Associate Professor, Department of Criminal Justice and Criminology
Associate Professor, Public Policy Program
Research Clusters: Justice and Security; Governance and Policy Administration
Research Interest: Correctional Rehabilitation, Criminology Theory, and Victimization in Prison
Dr. Shelley Listwan (2001) received her PhD from the University of Cincinnati. She teaches both graduate and undergraduate classes on the topics of Criminological Theory, Institutional Corrections, Community Corrections, and Treatment and Rehabilitation. Her research is geared towards the identification and development of effective interventions within a variety of correctional settings. Specifically, she studies the development of best practices with offenders, primarily based on social learning theories. Dr. Listwan recently examined the salience of strain theory in examining re-entry outcomes among a sample of formerly incarcerated individuals. Dr. Listwan has served as a consultant to local, state, and federal agencies on the topic of assessment, treatment, and quality assurance within both institutional and community based programs.
Recent and/or Relevant Publications
Listwan, S. J., Sullivan, C. J., Agnew, R., Cullen, F. T., & Colvin, C. The pains of imprisonment revisited: The impact of strain on inmate recidivism. Justice Quarterly.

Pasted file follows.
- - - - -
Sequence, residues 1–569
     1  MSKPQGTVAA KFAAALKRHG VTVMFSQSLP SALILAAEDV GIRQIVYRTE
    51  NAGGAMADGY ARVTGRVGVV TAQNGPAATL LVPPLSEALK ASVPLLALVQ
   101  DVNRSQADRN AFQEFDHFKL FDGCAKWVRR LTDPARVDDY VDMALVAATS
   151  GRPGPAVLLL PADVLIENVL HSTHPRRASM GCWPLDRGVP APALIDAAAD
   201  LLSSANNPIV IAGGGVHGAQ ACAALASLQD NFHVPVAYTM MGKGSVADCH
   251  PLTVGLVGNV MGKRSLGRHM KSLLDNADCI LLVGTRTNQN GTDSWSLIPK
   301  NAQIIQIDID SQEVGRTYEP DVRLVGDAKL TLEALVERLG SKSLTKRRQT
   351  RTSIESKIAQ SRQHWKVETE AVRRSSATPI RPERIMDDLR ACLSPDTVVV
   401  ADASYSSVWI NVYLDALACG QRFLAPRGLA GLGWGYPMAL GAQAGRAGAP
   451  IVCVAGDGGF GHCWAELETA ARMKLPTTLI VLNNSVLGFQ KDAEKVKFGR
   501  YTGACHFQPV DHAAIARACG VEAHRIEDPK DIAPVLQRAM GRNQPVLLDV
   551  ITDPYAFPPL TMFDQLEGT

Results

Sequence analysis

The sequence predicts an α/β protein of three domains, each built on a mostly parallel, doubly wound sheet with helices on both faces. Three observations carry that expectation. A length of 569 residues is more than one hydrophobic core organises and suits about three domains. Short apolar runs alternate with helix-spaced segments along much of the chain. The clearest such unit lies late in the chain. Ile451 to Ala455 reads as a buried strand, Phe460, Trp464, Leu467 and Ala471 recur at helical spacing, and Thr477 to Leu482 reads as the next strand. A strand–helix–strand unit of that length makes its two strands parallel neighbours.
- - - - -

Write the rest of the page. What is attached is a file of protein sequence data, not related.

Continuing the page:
2011 Shaffer, D. K , Hartman, J., Howell, T., Listwan, S. J. Outcomes among drug court participants: Does drug of choice matter? International Journal of Offender Therapyand Comparative Criminology, 55, 155 –174.
2010 Listwan, S. J., Colvin, M., Hanley, D., & Flannery, D. Coercion, social support, and psychological well being among recently released prisoners. Criminal Justice and Behavior, 37, 1140-1159.
2010 Blevins, K., Listwan, S. J., Cullen, F. T., & Jonson, C. L. A general strain theory of prison violence and misconduct: An integrated model of inmate behavior. Journal of Contemporary Criminal Justice, 1-19.
2009 Shaffer, D. K, Hartman, J., & Listwan, S. J. Drug abusing women in the community: The impact of drug court involvement on recidivism. Journal of Drug Issues, 39, 1045-1069.